Deck the Halls: Gathering your holiday greenery in Summit County
December 18, 2017
When it comes to holiday decoration, you've got to get the green. Whether you're sprucing up your primary residence, second home or vacation condo, it's just not the holidays without trees, wreaths and garlands galore. Luckily, the mountains are full of options for evergreen embellishment. We've pulled together some information that will get you started.
Your tree options are pretty much endless here in Summit County, whether you want to hike into the woods and saw it down yourself, or if you want to skip the hassle altogether and put up a non-synthetic version. It all depends on how much time and money you want to spend, and how important it is for you to have the piney scent of fir or spruce floating around the living room or foyer.
Do It Yourself
Cutting your own Christmas tree can be a fun experience for the whole family. It gets everyone out into the fresh air, provides some exercise (perhaps much needed during this time of constant holiday snacks) and allows yet another opportunity to bask in the natural beauty of the Colorado mountains.
The White River National Forest allows Christmas tree cutting with a permit in certain areas. You can pick up a permit for $10 (limit five per person) and a map showing tree-cutting areas from the Dillon Ranger District office located at 680 Blue River Parkway in Silverthorne (across the street from Target). The station is open Monday through Friday, from 8 a.m. to 12:30 p.m. and from 1 p.m. to 4:30 p.m.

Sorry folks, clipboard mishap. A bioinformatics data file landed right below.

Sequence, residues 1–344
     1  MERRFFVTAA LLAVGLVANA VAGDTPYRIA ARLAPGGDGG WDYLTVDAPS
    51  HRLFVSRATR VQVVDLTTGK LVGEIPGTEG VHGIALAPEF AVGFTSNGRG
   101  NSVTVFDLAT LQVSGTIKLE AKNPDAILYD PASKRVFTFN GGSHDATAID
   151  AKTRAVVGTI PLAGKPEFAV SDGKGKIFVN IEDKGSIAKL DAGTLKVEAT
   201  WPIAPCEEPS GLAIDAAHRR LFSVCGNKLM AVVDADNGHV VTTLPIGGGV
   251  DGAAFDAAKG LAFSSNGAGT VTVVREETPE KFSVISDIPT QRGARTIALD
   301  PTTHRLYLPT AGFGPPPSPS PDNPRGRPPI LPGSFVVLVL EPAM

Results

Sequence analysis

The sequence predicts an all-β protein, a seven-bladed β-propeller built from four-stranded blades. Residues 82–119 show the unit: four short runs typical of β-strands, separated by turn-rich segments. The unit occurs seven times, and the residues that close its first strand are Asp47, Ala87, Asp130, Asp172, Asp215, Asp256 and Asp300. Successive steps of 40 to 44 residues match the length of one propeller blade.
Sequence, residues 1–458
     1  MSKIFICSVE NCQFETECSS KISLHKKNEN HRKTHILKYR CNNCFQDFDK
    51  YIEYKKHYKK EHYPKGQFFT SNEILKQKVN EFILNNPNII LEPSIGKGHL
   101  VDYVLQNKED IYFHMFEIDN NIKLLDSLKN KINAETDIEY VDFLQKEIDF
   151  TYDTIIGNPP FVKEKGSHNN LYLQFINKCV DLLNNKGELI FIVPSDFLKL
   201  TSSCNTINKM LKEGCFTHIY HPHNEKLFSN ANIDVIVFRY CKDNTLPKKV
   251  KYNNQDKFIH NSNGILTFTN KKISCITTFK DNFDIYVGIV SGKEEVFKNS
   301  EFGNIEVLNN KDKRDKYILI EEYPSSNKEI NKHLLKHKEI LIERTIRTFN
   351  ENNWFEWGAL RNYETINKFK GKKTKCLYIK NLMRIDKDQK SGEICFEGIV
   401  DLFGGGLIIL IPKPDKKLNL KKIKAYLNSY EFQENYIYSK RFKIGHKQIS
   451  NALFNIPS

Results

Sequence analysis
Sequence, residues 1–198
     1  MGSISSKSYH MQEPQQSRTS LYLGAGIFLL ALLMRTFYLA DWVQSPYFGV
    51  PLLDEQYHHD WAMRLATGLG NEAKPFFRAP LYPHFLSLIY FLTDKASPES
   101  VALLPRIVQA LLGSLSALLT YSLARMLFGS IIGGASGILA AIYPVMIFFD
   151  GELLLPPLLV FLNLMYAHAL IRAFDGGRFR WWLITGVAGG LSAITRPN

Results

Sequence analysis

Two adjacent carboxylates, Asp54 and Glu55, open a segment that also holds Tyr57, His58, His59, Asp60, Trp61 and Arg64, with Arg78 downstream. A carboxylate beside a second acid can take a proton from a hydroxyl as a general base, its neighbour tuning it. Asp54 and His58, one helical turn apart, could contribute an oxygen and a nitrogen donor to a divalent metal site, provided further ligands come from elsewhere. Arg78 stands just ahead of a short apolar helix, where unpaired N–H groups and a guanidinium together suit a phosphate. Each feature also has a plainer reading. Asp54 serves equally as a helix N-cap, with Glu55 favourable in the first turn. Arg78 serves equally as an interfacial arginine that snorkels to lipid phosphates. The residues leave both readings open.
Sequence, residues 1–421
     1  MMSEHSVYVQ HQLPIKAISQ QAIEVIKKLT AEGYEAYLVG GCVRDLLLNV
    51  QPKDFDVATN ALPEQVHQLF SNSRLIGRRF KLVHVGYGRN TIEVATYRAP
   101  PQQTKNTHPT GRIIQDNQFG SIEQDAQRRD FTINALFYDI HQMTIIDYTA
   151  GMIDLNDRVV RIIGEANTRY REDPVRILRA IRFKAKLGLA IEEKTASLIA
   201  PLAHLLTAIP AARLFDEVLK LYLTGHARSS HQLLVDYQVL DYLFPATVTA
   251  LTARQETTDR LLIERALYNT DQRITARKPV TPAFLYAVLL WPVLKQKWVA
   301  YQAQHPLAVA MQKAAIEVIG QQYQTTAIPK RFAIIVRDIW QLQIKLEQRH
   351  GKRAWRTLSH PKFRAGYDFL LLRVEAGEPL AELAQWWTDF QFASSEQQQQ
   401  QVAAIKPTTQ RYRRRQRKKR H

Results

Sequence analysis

Permits will be sold through Friday, Dec. 22, and there is a maximum of five tree permits per person.
Recommended Stories For You
If you can't get to the ranger station, this year Murdoch’s Ranch and Home Supply located at 1241 Blue River Parkway in Silverthorne will also be selling Christmas tree permits starting Nov. 24 until Dec. 22. Murdoch’s is open Monday through Saturday, 8 a.m. to 7 p.m. and Sunday from 9 a.m. to 6 p.m.
You may also go online and print a Christmas tree permit form to fill out and mail in with a check to receive your permit in the mail. To do so please visit: bit.ly/WRNFtreepermit.
Guidelines for cutting your tree require that the tree be less than 15 feet tall from the stump, may not be greater than 6 inches in diameter at the base of the tree, with a stump height no greater than 6 inches.
If you don't feel like tromping out into the wilderness, Neils Lunceford, Inc. is one of your best bets for a fresh Christmas tree. Once the holiday season rolls around, the company's lot fills with firs and spruce imported from tree farms all over the country. For those who can't tell the difference from one evergreen to another, employees are on hand to describe the qualities and characteristics of each species.
"Almost all firs are conductive to Christmas trees, because they're conical and soft," says Neils Lunceford managing partner Tim Glasco. He suggests a full-bodied Frasier fir, which he refers to as "the Cadillac of Christmas trees."